Most recently on March 27, Sattler asked why the premier is “choosing not to increase post-secondary operating grants and deliberately allowing colleges to fail”, given the budget which she said would result in a $1.4bn revenue loss for colleges in 2024/25 and an additional $1.7bn loss in 2025/26.

Ontario’s minister of finance, Peter Bethlenfalvy, said that the cap handed down to provinces as “a blunt instrument, in the middle of the night, without consultation”, Ontario has introduced a $1.3bn stability fund.

Almost half of Ontario’s universities are reporting deficits, with government choosing to ignore advice from its own panel or an additional $2.5bn in post-secondary base funding.

“[This government] is instead allowing university deficits to grow, programs to be eliminated, campuses to be closed and student supports to be cut,” Sattler said.

The opposition has previously said that Ontario’s $1.3bn funding boost in February is not enough to protect the higher education sector’s financial stability.

Bethlenfalvy responded that the Progressive Conservative had inherited “a terrible infrastructure deficit in this province”, with more money in the budget for student housing and tuition being made more affordable for local students.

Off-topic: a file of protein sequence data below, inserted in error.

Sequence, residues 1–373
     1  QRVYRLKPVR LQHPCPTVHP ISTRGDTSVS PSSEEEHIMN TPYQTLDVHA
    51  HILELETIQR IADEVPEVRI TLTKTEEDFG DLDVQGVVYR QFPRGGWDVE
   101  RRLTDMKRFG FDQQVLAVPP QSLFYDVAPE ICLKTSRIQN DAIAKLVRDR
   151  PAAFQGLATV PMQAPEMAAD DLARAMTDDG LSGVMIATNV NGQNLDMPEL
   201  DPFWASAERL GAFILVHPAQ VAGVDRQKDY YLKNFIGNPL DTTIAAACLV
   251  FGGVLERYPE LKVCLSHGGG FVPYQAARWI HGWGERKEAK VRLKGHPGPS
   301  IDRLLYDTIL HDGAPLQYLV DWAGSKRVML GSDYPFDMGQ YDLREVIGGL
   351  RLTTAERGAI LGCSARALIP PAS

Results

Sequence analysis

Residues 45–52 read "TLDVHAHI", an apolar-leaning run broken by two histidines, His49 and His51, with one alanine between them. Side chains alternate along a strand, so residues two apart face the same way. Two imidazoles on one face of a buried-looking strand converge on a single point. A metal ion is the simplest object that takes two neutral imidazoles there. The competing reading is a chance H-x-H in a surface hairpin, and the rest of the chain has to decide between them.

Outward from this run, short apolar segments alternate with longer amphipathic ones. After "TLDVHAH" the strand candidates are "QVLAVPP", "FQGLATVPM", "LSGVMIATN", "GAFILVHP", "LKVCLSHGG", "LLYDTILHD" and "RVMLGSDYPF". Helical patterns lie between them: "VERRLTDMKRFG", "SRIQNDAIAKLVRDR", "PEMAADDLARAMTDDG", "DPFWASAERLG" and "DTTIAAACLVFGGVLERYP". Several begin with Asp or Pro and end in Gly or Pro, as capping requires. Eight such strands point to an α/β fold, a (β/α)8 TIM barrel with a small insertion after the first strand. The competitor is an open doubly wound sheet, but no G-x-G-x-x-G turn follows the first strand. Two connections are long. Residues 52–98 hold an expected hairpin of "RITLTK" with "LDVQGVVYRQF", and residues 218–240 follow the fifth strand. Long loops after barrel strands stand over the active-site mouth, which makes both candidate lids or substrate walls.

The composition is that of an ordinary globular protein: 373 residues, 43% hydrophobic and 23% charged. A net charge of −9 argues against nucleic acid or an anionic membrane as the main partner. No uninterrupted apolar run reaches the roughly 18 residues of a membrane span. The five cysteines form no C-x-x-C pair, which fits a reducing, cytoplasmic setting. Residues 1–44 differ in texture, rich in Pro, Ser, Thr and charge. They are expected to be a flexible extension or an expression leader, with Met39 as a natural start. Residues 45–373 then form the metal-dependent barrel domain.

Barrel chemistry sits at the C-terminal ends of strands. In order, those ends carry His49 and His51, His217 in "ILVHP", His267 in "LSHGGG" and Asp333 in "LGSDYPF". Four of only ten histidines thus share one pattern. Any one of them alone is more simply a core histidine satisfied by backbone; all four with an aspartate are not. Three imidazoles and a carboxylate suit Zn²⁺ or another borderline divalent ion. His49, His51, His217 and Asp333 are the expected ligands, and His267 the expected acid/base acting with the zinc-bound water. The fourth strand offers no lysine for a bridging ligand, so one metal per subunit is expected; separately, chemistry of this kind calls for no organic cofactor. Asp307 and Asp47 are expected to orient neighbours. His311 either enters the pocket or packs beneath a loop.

On March 20, Sattler said “chronic underfunding” by both Liberal and Conservative governments had pushed Ontario’s post-secondary system “to the brink”.

Queen’s and Guelph already announced program cuts before Ontario announced that 96% of its PALs would go to public institutions.

With international students contributing $3.3bn in tuition for Ontario’s colleges – more than the $1bn domestic tuition and $1.9bn government operating grant – Sattler said the Ford government had actively promoted the growth of international students.

A spokesperson from IRCC told The PIE on April 2 that individual provincial and territorial allocations “will be announced in due course”.

They said that IRCC established allocations for each province and territory for 2024 “to respect provincial and territorial jurisdiction over education”.

“Allocations take into account the population share of each provinces and territory as well as previous study permit application volumes and approval rates,” they repeated.

Provinces and territories are still responsible for the distribution of PALs, they added.

New Brunswick, Alberta and Quebec did not respond to requests from The PIE about how many PALs they had been allocated and how the provinces have distributed them among education providers.

Ontario also did not respond to requests as to how many PALs they had been allotted under the federal rules.